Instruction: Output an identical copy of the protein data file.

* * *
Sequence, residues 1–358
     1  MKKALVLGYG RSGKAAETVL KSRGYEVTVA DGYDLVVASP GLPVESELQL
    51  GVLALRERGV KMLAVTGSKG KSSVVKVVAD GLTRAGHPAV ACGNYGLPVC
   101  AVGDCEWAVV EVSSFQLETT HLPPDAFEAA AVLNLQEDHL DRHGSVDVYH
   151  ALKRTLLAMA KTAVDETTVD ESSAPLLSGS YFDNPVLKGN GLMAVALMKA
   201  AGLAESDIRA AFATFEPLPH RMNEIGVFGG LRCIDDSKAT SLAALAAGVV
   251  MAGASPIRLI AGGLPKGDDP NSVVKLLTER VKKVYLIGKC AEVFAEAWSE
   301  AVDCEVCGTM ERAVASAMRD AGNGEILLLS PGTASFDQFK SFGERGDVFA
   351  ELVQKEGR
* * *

Sequence, residues 1–358
     1  MKKALVLGYG RSGKAAETVL KSRGYEVTVA DGYDLVVASP GLPVESELQL
    51  GVLALRERGV KMLAVTGSKG KSSVVKVVAD GLTRAGHPAV ACGNYGLPVC
   101  AVGDCEWAVV EVSSFQLETT HLPPDAFEAA AVLNLQEDHL DRHGSVDVYH
   151  ALKRTLLAMA KTAVDETTVD ESSAPLLSGS YFDNPVLKGN GLMAVALMKA
   201  AGLAESDIRA AFATFEPLPH RMNEIGVFGG LRCIDDSKAT SLAALAAGVV
   251  MAGASPIRLI AGGLPKGDDP NSVVKLLTER VKKVYLIGKC AEVFAEAWSE
   301  AVDCEVCGTM ERAVASAMRD AGNGEILLLS PGTASFDQFK SFGERGDVFA
   351  ELVQKEGR